Coping: The Matter of Predictions and “Slop” (CalQuake)

When one makes “predictions” about the future, the reader or analyst is faced with a terrible statistical problem.

While a perfect “hit” would be an event – exactly as described –  there is the matter of “effective fulfillment” of a prediction.

When on pokes around the Internet, for example, and  offers various insights into future events, there is often (accompanying) a kind of disclaimer.  It says, in effect, that because the net is so large and impacting on mass consciousness, the ACTUAL fulfillment may not occur but a QUASI fulfillment would have to be counted.

When, for example, one writes about “massive flooding” to come, it is argued that “flooding” anywhere – even if just in headlines – would constitute fulfillment of a prediction.

But here’s the problem with that:  Flooding goes on regularly (and worldwide) every year.  So I can make a prediction of “flooding” and it’s bound to come true.

In eastern Europe, Serbia in particular at the moment, there is a worry that more flooding will come.   No doubt, somewhere on the net – in various dream, prediction, and channeling sites – someone will in the past month have mentioned a prediction of “floods.”

Yet, here we are this morning, with flooding persisting in Serbia, and now it’s even threatening a power plant that serves about half the region’s electrical needs, says the NY Times.

Now comes the problem of  whether “headlines” about a story qualify as fulfillment?

This is a long conversation that Chris McCleary at www.nationaldreamcenter.com and I will be having one of these days – as schedules permit – because we’re both finance guys (at least to the MBA level) and thus, both victims of statistics.

There’s no doubt that N (the number of data points) isn’t huge in any of this stuff, but the problem  which we might call Anti-N is hard as hell to track for comparison purposes.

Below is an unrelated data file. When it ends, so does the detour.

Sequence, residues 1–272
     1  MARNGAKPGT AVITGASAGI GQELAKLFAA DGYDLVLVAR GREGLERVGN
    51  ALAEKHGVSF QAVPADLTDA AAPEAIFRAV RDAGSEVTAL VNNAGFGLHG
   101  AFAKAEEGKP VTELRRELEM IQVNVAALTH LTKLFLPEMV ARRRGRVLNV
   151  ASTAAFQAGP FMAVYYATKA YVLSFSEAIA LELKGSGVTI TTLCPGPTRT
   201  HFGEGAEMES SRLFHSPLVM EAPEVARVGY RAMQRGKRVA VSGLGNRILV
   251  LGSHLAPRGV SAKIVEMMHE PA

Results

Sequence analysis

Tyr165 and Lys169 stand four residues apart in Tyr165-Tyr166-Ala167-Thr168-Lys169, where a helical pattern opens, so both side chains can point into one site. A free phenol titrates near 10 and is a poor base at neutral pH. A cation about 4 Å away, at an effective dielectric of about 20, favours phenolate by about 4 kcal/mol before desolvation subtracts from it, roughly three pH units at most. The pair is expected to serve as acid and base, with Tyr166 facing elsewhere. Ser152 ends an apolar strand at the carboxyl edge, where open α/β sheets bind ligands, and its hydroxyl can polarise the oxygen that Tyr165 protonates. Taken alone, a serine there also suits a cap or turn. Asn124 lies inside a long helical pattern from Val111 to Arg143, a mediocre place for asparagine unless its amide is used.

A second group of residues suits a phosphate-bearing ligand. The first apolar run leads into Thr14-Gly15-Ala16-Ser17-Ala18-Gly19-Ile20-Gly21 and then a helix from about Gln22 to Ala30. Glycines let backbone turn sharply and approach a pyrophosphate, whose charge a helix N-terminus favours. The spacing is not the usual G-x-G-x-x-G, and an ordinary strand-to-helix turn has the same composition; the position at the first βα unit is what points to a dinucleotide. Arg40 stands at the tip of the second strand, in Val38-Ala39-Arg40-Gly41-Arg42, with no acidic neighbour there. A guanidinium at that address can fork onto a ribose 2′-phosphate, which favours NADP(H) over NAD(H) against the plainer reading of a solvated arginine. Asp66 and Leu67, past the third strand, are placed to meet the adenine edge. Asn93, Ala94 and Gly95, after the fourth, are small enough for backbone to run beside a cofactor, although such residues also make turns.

So yes, if you find 3 predictions and one of them “hits” it might look like a very good success rate.

Suppose, however, that the number of predictions was much higher – and you took into account the totality of all predictions – not just those having to do with floods.  Then what?

CalQuake

This problem is far from theoretical.  And I mention is this morning reference my “CalQuake” dream that I wrote up in yesterday’s column in (amazing, even for my iMax-like  dream detail level).

Here the are on Monday and out comes the heading that says the SF Bay Area is due for a huge release of energy.  But will it come as one mega quake, or will it be a series?  The article “Bay Area’s future earthquakes: Knockout blow, or combination punch?” begins to ask the question and sketch out answers.

You see the problem, right?

The dream was of a much higher level of specificity and yet – by the very definition of some who make outrageous claims about predictive ability – my Monday morning post, followed some 10-hours later by huge headlines about involving exactly the area (the high tech hub) and earthquake risks, would have to be scored as a “hit.”

It’s an odd problem, for sure, but I’m not sure that the pseudo-hit is really legit. 

Remember, in the case of the plane/emergency landing dream, we had a “near hit” within a day of the dream posting.  Yet the actual (and rather precise “fill” didn’t happen for fully 10-days.

So while it’s interesting that the report came out, I’m skeptical, even though by past metrics I might have counted it as a hit.

Instead, I’m looking further out for a real big quake.  And let’s toss in the report of more than 70,000 fish dying in Marine Del Rey.  There are times when fish die-offs precede quakes.

About the only thing missing now would be a few dead oarfish this weekend off of Monterey and the stage would be perfectly set.

We shall see.,..but the problem of N and anti-N is a vexing one.  And it gets to the core of discernment or mental “slop.”  The poet in me says score it.  The numbers guy says nope, not enough data because anti-N hasn’t been calculated.

Twofer Tuesday in the WoWW

A couple of dandy reports on the ongoing trouble with reality becoming Swiss-cheesy of late.  Think of it as a Tuesday Twofer from the World of Woo-Woo (WoWW).

Remember a week or three back, we had a report about the woman who heard a mysterious female voice while taking a shower?  Well, she’s got a friend, apparently:

Hi George!

I wrote a couple of weeks back about hearing a female voice requesting she come into my bathroom while I was in the shower – and no-one there, of course.